In addition to social and political stressors, international students face a multitude of challenges that domestic students do not when it comes to the transition and development of a community in their new college environment. Throughout the application, matriculation and orientation process there are various bureaucratic steps that international students must navigate before they even reach the United States. Once students arrive, they are facing a loss of shared identity both culturally and linguistically from their home countries which places an additional transitional burden on their shoulders beyond what every college freshman endures. International students also report receiving less social support from their American peers, and due to cultural barriers, international students are also far less likely to seek out social support on their own than their domestic peers. Additionally, engagement and involvement with the larger university community through student activities and organizations is said to facilitate the development of a sense of belonging. However, when the activities being offered to a student are not culturally responsive, the engagement level for international students is often quite low.
With sense of belonging along with the challenges faced by this population in mind, what can institutions of higher education be doing to create better conditions for success for international students on their campuses? First and foremost, it is important to change the way we talk about this population of students. While colleges and universities may rely on revenue from international tuition, this perception of international students as “money-makers” for the institution is detrimental to their ability to feel at home in an environment where they are aware of the fact that they are being viewed by their educators as dollar signs rather than students.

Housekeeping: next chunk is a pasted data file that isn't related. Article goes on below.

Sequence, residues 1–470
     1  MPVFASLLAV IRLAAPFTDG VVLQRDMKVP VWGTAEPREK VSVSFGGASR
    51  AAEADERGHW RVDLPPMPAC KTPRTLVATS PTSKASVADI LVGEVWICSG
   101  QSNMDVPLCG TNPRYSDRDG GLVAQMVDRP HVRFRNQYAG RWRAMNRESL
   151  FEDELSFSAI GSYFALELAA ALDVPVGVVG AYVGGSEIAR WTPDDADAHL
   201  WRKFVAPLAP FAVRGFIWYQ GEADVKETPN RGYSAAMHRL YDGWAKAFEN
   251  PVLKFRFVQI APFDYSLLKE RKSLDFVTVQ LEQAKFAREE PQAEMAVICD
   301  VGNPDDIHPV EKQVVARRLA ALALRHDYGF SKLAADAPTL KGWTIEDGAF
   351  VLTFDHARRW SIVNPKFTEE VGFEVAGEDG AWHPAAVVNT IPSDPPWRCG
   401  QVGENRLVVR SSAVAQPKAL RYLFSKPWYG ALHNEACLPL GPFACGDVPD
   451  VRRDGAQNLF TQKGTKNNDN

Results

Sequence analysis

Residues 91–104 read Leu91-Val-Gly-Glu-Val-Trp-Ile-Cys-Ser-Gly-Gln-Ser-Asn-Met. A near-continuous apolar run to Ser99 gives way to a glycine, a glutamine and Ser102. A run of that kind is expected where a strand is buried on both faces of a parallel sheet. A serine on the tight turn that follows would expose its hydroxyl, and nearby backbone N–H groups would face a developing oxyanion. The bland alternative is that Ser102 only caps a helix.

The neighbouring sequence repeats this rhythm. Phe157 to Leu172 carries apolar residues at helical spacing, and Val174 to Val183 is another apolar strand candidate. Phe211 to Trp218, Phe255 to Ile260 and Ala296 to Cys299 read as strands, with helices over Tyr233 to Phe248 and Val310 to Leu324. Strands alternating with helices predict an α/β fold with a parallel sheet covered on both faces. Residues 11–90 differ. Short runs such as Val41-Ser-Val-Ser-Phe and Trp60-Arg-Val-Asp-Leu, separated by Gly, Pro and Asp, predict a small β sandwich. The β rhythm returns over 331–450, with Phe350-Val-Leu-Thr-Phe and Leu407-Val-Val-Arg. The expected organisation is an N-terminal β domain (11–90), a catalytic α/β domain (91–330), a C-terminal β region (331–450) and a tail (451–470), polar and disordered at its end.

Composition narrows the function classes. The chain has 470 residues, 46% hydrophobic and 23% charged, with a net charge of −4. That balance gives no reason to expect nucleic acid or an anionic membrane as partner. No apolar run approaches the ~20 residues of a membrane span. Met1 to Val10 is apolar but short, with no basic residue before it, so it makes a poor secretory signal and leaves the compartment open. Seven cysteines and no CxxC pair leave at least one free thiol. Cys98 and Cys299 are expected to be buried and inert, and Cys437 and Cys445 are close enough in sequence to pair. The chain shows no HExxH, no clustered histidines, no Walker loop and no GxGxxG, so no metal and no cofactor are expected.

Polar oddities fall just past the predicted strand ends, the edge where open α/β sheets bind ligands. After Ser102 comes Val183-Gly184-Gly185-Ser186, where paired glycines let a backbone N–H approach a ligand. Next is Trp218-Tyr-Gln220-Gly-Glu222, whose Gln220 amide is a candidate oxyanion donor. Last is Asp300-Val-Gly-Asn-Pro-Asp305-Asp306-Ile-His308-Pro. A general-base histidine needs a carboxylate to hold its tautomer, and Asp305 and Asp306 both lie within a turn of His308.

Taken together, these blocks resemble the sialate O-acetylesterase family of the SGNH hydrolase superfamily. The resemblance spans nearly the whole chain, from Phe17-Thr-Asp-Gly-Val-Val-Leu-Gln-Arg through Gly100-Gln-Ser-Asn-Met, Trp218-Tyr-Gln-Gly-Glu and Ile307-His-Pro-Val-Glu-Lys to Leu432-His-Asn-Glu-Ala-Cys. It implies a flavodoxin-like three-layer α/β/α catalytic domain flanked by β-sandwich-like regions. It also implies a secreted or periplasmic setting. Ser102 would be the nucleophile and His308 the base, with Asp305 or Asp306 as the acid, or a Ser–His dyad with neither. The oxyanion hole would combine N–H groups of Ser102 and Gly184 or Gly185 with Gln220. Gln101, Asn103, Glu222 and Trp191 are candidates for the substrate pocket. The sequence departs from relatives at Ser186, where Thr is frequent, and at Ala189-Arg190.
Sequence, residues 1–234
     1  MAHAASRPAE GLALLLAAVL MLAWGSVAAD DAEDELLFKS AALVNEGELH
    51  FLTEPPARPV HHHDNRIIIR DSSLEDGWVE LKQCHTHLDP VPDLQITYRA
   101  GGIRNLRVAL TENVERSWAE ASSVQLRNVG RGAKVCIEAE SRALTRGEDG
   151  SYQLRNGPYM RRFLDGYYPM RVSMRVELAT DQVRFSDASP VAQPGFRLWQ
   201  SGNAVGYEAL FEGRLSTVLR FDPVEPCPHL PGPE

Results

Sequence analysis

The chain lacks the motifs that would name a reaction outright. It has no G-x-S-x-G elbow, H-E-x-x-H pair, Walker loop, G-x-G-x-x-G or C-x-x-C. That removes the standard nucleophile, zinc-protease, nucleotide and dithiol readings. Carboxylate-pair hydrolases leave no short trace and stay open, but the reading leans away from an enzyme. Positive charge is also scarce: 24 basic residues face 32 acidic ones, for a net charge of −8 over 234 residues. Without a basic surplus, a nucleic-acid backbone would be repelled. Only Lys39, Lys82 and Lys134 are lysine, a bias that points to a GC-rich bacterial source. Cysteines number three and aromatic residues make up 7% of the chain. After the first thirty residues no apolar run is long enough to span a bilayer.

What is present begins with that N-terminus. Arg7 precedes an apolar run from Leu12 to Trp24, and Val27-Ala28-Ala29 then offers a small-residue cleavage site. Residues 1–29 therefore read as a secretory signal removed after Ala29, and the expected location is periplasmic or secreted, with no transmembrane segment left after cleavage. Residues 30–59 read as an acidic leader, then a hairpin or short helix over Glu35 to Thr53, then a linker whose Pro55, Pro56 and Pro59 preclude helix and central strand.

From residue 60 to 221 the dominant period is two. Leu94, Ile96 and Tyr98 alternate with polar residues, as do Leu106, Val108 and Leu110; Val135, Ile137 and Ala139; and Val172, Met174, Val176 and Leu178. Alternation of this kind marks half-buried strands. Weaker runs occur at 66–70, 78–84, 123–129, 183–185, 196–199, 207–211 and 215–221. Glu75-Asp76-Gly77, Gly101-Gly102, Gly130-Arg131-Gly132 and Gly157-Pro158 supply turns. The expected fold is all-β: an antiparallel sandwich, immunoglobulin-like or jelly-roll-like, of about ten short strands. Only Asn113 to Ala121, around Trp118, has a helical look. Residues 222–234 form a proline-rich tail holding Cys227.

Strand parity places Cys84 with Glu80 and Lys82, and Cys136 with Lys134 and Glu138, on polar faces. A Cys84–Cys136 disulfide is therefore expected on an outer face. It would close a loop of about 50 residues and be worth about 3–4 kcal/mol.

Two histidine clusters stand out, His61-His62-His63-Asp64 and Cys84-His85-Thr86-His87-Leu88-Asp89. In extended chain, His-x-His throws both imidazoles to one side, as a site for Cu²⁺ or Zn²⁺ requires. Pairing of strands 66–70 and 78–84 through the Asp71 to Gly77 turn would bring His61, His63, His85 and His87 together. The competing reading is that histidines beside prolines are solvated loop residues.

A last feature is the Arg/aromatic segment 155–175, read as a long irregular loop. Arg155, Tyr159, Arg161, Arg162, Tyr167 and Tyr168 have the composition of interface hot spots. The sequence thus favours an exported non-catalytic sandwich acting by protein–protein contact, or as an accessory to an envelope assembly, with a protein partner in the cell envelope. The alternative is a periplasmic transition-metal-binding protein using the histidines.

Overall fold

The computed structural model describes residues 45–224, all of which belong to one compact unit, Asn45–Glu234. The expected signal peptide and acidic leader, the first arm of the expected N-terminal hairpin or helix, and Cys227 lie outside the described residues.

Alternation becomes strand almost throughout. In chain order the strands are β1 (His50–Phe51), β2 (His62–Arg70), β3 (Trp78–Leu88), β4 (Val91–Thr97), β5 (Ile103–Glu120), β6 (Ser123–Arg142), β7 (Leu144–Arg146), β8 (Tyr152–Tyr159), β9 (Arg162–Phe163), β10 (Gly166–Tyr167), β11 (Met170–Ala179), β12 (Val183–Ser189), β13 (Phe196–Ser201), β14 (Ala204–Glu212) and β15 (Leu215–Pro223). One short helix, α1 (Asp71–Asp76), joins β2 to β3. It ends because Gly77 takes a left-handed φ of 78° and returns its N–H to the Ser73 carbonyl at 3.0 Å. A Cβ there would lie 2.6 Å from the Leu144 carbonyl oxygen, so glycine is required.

Without a shift in the language surrounding this population, universities run the risk of alienating a significant population of students in their journey towards degree attainment.
Beyond this, it is increasingly important for universities to further invest in culturally familiar programming that occurs frequently on campus for their international student populations. For many international students, this type of programming can exist as both large campus-wide events, as well as smaller scale events. While many university offices that cater to international students already work to develop such programming, it is possible that these events and programs are either advertised or facilitated in a way that is not culturally responsive, meaning it takes into account the norms of that population’s culture. Since offices serving international students often program for the larger demographic as a whole, it can be difficult for students to relate to (and want to engage with) programming that is generalized when the population itself is so diverse, with backgrounds that are not actually generalizable.
International students will continue coming to study in the United States, and institutions of higher education in the U.S. will continue to recruit and admit them. However, if colleges and universities hope to create environments in which these students are able to persist through to completion of their degree then an investment in developing a sense of belonging for these students is crucial.